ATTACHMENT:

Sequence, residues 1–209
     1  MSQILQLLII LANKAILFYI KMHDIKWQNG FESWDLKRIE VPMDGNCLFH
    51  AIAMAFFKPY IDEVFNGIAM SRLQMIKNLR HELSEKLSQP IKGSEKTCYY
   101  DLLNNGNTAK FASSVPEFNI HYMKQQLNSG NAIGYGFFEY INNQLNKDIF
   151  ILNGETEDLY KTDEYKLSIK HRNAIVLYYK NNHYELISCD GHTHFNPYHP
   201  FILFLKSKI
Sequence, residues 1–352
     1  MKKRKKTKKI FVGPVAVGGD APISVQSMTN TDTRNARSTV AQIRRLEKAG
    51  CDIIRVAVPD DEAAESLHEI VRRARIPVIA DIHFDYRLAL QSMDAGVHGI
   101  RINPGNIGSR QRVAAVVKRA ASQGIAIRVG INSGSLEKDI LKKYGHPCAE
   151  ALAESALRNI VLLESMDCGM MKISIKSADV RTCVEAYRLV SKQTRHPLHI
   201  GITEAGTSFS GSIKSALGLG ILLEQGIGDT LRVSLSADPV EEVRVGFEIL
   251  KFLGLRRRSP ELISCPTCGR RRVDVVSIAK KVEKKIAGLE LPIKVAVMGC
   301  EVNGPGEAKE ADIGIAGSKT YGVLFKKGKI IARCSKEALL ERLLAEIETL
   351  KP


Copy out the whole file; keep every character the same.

Sequence, residues 1–209
     1  MSQILQLLII LANKAILFYI KMHDIKWQNG FESWDLKRIE VPMDGNCLFH
    51  AIAMAFFKPY IDEVFNGIAM SRLQMIKNLR HELSEKLSQP IKGSEKTCYY
   101  DLLNNGNTAK FASSVPEFNI HYMKQQLNSG NAIGYGFFEY INNQLNKDIF
   151  ILNGETEDLY KTDEYKLSIK HRNAIVLYYK NNHYELISCD GHTHFNPYHP
   201  FILFLKSKI
Sequence, residues 1–352
     1  MKKRKKTKKI FVGPVAVGGD APISVQSMTN TDTRNARSTV AQIRRLEKAG
    51  CDIIRVAVPD DEAAESLHEI VRRARIPVIA DIHFDYRLAL QSMDAGVHGI
   101  RINPGNIGSR QRVAAVVKRA ASQGIAIRVG INSGSLEKDI LKKYGHPCAE
   151  ALAESALRNI VLLESMDCGM MKISIKSADV RTCVEAYRLV SKQTRHPLHI
   201  GITEAGTSFS GSIKSALGLG ILLEQGIGDT LRVSLSADPV EEVRVGFEIL
   251  KFLGLRRRSP ELISCPTCGR RRVDVVSIAK KVEKKIAGLE LPIKVAVMGC
   301  EVNGPGEAKE ADIGIAGSKT YGVLFKKGKI IARCSKEALL ERLLAEIETL
   351  KP